At the time of writing this, we still do not know who won Iowa. But as a firsthand witness, I can tell you who won the Paris satellite caucus. Approximately 4,340 miles away from the Hawkeye State, 17 Iowa ex-pats gathered in a small, grey room in France and exercised their right to caucus.

For the first time in history, the Iowa Democratic Party (IDP) offered residents who were unable to caucus in their local precinct to participate in a “satellite” caucus elsewhere. There were 99 total satellite locations and only three international. Along with Paris, registered Iowa Democrats could also caucus in Tbilisi, Georgia, and Glasgow, Scotland.

In Paris, 20-year-old Emily Hagedorn was tasked with coordinating and running the satellite caucus. Even with only 17 people, it looked like a daunting task for a study abroad student.

The small crowd in Paris was not particularly representative of the Iowa population. Nearly everyone was young; many were under 30. What stood out to me, though, was not the youthfulness of the crowd, but their former alliances. At least five of them were previously registered Republicans who had caucused for the other side in earlier elections. After three years of Trump, however, they had had enough.

People traveled all the way from Germany and the United Kingdom to caucus in Paris. Only three were undecided when they arrived. One caucus-goer supporting Pete Buttigieg even showed up with three “fan club” members who were not Iowan and could not actually participate in the caucus but came to support Buttigieg anyway, bringing their own signs, hats and pins. Another ineligible U.S. citizen came wearing a “MATH” hat and T-shirt in support of Andrew Yang and had a binder full of talking points in an attempt to sway participants. She had zero success.

The small caucus was quite an interesting media phenomenon. There were more journalists than caucus-goers, including from major outlets such as CNN, the Wall Street Journal and France 24. Almost every caucus participant in Paris got their own interview.

Just like the traditional caucus in Iowa, the satellite caucus in Paris had a few glitches. Initially, the event kicked off at 8 p.m. CET, but 20 minutes later, several new registered participants showed up. Normally, no one is allowed to participate if they arrive after the start of the caucus, but the Iowa Democratic Party had sent an email mistakenly saying that the start time was 8 p.m. GMT, which is 9 p.m. in Paris. Given the confusion, participants voted to begin the caucus anew “in the favor of democracy.”

The restart added four new caucus members to the mix, from 13 to 17. With the new additions, the threshold of viability went up from two people to three (15 percent of 17 participants).

As European ex-pats, the necessity of free social services kept coming up in discussions and candidate endorsement speeches. Ten years ago, Edmund Dean, 31, who now lives in the United Kingdom, was a hardcore Republican.

“I was just as energized for the Republican Party then as I am for the Democrats now,” Dean said.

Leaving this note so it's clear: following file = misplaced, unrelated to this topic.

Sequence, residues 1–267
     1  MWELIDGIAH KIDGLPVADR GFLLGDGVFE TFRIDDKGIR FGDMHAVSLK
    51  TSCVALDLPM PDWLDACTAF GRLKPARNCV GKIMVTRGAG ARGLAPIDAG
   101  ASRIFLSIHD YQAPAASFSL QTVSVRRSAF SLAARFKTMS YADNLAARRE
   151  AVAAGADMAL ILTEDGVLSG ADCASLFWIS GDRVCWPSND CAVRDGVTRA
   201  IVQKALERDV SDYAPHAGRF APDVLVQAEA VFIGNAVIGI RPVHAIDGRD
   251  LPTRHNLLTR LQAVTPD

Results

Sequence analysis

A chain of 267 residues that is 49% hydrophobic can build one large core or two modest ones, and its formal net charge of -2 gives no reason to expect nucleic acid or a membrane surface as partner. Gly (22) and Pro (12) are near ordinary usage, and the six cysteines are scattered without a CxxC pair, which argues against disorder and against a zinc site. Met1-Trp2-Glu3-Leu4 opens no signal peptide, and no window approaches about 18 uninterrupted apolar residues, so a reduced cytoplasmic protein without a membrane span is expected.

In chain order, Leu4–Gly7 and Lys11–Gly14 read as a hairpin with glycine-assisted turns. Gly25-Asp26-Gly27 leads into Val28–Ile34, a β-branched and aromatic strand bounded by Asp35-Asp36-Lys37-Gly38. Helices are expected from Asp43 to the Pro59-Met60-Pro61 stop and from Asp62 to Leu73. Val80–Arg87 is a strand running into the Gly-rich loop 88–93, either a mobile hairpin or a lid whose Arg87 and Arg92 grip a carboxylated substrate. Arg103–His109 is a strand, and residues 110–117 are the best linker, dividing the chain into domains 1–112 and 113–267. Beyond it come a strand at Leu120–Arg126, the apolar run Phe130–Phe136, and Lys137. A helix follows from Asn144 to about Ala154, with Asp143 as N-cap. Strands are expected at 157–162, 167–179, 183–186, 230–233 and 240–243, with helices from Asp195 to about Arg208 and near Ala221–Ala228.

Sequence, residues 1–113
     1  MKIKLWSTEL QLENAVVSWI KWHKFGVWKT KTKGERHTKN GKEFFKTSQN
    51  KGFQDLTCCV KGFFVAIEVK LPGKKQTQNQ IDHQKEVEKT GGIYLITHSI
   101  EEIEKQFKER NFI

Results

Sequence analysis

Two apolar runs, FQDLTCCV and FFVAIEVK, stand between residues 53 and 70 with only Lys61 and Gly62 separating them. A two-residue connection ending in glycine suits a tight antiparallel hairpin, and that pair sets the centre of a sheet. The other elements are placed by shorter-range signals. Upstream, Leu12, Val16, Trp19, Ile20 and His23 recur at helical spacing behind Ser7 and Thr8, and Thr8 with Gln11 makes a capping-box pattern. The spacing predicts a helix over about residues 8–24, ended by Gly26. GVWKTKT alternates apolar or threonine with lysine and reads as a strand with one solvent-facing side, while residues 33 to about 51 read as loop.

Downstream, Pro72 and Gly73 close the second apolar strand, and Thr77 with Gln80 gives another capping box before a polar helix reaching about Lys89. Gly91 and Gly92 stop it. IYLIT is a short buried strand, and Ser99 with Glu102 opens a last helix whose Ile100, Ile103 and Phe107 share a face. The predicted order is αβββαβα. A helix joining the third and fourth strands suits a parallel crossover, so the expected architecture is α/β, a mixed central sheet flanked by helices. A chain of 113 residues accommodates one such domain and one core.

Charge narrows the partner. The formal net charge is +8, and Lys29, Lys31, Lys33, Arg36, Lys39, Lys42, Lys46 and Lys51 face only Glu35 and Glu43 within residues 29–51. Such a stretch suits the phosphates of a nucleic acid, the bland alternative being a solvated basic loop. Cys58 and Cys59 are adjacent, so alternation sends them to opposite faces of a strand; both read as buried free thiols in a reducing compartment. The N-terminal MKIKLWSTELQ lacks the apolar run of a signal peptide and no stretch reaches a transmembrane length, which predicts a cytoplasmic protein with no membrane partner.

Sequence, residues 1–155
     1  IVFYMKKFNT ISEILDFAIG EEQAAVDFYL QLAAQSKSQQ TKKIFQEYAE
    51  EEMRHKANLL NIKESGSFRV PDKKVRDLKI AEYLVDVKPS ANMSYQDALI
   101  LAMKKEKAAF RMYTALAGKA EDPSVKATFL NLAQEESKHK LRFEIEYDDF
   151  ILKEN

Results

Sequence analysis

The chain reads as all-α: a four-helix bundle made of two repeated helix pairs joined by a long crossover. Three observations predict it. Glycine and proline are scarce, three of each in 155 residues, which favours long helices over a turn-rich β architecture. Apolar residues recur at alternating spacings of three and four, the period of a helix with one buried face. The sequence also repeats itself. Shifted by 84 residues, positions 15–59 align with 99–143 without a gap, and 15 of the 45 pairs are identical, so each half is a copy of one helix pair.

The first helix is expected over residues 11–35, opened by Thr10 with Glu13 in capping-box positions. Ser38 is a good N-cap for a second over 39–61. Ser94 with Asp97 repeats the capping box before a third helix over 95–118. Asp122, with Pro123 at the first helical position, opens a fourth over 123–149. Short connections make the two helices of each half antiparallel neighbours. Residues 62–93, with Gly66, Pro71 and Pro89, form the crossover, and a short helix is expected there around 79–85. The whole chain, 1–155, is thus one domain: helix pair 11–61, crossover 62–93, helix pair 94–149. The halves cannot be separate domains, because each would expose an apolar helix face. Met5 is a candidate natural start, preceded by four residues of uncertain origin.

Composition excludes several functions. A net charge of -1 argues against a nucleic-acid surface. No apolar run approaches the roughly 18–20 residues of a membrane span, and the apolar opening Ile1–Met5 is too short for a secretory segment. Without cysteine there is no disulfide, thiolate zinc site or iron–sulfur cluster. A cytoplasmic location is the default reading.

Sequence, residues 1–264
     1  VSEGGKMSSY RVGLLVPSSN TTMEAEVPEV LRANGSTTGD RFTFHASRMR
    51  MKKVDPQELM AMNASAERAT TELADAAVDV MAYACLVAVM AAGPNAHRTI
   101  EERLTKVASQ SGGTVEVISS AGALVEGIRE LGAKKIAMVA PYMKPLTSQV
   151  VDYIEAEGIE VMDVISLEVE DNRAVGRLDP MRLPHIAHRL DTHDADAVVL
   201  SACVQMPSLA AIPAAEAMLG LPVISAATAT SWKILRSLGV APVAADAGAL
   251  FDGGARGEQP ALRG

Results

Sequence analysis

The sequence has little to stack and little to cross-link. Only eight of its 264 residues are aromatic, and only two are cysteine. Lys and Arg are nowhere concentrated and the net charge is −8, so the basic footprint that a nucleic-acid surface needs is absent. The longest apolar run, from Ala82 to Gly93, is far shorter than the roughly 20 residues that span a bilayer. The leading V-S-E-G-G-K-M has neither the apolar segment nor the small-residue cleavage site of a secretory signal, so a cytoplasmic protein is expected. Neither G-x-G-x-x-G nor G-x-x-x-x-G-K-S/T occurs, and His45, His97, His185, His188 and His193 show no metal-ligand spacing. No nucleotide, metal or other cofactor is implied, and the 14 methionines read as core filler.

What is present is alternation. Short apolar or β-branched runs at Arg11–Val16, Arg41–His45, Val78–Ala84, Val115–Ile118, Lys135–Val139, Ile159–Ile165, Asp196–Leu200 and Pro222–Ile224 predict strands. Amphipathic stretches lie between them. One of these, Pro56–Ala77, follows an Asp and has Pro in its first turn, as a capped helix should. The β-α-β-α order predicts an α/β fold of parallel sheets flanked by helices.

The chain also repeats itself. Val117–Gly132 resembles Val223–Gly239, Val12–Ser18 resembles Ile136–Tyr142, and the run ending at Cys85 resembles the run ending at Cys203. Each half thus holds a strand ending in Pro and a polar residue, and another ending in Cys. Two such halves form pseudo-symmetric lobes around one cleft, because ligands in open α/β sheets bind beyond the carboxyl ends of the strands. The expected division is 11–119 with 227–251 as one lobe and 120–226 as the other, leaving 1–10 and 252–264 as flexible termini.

In recent years, however, his attitude evolved, and he now firmly supports the Democratic Party. Dean is a fervent Bernie Sanders supporter.

“A lot of that has come from living in Europe and enjoying free universal health care,” Dean said.

Military service member Paige Greene, 31, is also supporting the Democratic Party after experiencing government social services in Germany, where she works and lives on a U.S. airbase.

“I joined the military for free education and free health care. And then I came to Europe and saw it was possible everywhere,” she said. And in Germany, you “do not have to promise to die for your country” to receive those benefits, she noted.

Greene was initially undecided but she ended up choosing Amy Klobuchar.

In the first round, Elizabeth Warren, Bernie Sanders and Amy Klobuchar received enough support to be considered viable. Pete Buttigieg was the only other candidate to get any votes, but with only two, he did not make it to the second round. His supporters had to realign. Joe Biden did not get a single vote, nor any of the other eight candidates, for that matter.

At the end of the night, the results in Paris were much clearer than in the Iowa. We could physically count every vote in the room, so it wasn’t much of a challenge. Warren received 8 votes of support (and 2 delegates as a result). Sanders got 6 votes (and 1 delegate). Klobuchar got 3 votes (also 1 delegate). How Klobuchar received literally half the support that Sanders did and the same number of delegates, I truly do not understand.

That being said, I really do not understand much of the Iowa caucus process. I never caucused in Colorado, as I was always in college before our state abolished them and switched to voting. And after this year, I definitely think Colorado made the right call in doing so.

Personally, I think Iowa is overhyped. The state is 90.7 percent white and not representative of the country. Iowa is also the only state that has a lifetime voting ban on convicted felons. More than 52,000 people could not participate in the caucus due to felony convictions, according to voting rights groups. While black people compose 4 percent of Iowa’s population, they are 26 percent of the prison population, and one in 10 black adults are not able to vote, according to the ACLU of Iowa. And aside from prison laws, the mere fact that you have to be physically present to caucus prevents many people with tough working hours or family obligations from exercising their democratic right.

I think 2020 has already showed us one thing: It is time stop putting so much emphasis on Iowa.